The Philippine inflation quickened to a three-year high of 6.1% in June 2022, with the national statistics agency forecasting that inflation will likely climb in the following months.
According to the Philippine Statistics Authority (PSA), this is the country’s highest recorded inflation since October 2018 when inflation was at 6.9%.
President Ferdinand Marcos Jr. at a July 5 press conference, however claimed that the 6.1% inflation rate was “not that high.”
“I think I will have to disagree with that number,” Marcos said. However, the skyrocketing prices of basic commodities — as reported by the government itself — have been forcing Filipino consumers to tighten their belts further.
In simple terms, inflation means Filipino consumers can buy less for the same amount of money. Government economists and statisticians also connect it to the declining purchasing power of money.
Now, the value of P1 is equal to 87 centavos, the lowest since the 2018 base year.
Inflation rates are measured using the consumer price index (CPI), which tracks changes in prices that consumers spend on a market basket of goods and services over time. The CPI is also a major indicator in monitoring government economic policy.
Government economic teams are wary of periods of high inflation, as Filipino consumers would bear the brunt of rising costs of goods and services.
Filipinos can expect price increases in the following commodity groups:
- Food and non-alcoholic beverages – 6%
- Transportation costs – 17.1%
- Alcoholic beverages and tobacco – 7.8%
- Clothing and footwear – 2.2%
- Housing, water, electricity, gas and other fuels – 6.6%
- Furnishings, household equipment and routine household maintenance – 2.9%
- Health – 2.6%
- Recreation, sport and culture – 1.9%
- Personal care and miscellaneous goods and services – 2.6%
The June 2022 inflation is the fourth straight month that the country’s inflation surged this year.
Who generates inflation figures?
The PSA computes the CPI every month and releases a summary inflation report five days after every reference month. As the country’s central statistical authority, the PSA takes the helm of the national government’s primary data collection.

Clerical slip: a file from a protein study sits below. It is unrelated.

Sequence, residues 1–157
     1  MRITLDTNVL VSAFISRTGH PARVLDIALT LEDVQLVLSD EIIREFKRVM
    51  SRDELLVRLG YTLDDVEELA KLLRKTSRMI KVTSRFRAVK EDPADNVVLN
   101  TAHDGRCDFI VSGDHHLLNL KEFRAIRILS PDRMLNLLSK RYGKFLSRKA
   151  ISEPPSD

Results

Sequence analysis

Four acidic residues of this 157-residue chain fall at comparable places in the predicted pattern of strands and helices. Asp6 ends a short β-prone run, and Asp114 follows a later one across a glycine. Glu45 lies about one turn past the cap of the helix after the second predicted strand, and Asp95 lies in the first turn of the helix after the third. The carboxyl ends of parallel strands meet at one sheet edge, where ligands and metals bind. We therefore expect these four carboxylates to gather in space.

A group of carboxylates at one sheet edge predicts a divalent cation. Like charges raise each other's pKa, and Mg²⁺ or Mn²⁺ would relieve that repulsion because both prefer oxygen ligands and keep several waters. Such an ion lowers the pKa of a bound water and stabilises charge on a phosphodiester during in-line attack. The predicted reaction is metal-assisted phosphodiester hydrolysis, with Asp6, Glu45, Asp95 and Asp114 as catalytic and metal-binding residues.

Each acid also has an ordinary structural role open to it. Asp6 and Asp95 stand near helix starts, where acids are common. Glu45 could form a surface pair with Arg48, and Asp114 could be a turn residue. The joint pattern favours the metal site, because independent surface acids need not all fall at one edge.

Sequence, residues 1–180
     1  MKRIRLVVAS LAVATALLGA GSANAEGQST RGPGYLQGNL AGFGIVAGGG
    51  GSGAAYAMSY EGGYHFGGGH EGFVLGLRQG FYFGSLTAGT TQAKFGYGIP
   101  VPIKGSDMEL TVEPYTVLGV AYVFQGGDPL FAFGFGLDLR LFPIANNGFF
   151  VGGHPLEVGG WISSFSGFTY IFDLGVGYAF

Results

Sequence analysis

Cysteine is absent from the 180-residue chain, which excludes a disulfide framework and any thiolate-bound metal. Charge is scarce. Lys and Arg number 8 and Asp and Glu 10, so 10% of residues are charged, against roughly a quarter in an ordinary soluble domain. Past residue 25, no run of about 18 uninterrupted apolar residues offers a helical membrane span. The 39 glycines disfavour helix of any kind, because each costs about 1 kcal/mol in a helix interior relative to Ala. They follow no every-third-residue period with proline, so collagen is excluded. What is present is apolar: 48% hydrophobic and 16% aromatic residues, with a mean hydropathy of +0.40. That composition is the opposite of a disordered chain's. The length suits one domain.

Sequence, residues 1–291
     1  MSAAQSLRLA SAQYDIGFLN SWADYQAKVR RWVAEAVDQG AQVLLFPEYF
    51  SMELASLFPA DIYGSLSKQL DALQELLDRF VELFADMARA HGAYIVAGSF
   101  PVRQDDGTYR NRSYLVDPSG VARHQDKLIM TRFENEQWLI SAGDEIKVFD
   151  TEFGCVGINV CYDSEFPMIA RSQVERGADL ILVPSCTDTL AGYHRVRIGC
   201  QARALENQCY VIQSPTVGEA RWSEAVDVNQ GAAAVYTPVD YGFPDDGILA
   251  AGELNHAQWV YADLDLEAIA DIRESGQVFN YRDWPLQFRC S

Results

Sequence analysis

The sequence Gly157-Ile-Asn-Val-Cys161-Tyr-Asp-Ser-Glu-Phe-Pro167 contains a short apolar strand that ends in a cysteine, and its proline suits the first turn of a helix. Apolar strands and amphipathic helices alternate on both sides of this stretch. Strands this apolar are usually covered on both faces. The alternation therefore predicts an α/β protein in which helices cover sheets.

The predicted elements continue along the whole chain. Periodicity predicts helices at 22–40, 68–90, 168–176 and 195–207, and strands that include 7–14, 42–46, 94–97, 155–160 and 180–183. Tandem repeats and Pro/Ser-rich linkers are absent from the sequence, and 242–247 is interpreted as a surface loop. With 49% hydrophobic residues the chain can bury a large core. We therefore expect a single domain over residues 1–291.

The national statistical agency was also created by virtue of Republic Act No. 10625 otherwise known as the “Philippine Statistical Act of 2013.”
Among the PSA’s key functions include collecting, analyzing and publishing statistical information related to the country’s economic, social, demographic, political affairs and general activities and condition of Filipinos.
The Bangko Sentral ng Pilipinas (BSP) also publishes inflation forecasts, where it recently said the June 2022 inflation would settle within 5.7 to 6.5%. The BSP attributed this to higher prices of domestic oil, electricity rates and food commodities as well as the continuing peso depreciation.
It’s that high
In response to the president’s remarks, National Statistician Dennis Mapa said the PSA “stands by its report.”
The National Economic Development Authority also affirmed on July 5 the PSA’s inflation report, adding that the 6.1% inflation rate fell within the BSP’s forecast for June 2022.
“As the country’s inflation rate continues to increase, we must continue fast-tracking our policies to make sure that Filipinos can still travel to work and bring sufficient and healthy food to their tables,” NEDA said in a statement.
On Thursday, Finance Secretary Benjamin Diokno said that Marcos’ disbelief at the 6.1% June 2022 inflation rate figure was only misunderstood.
“Today, I met with the press at the Malacañan Palace to clarify that the President’s disbelief at the 6.1% June 2022 inflation rate figure was misunderstood. He was referring to it as a full-year figure when in fact the year-to-date average inflation rate is 4.4%,” he said.
According to Diokno, the figures are within the forecast range of the BSP and the Development and Budget Coordination Committee.
He attributed the high inflation rate in June to the price adjustments in “operation of personal transport equipment; electricity, gas, and other fuels; and meat and other parts of slaughtered land animals.”
“Considering that oil prices are expected to remain elevated in the near term, we will continue the grant of fuel subsidies to the most affected sectors and the importation of products that are in short supply, as has been done before,” Diokno said.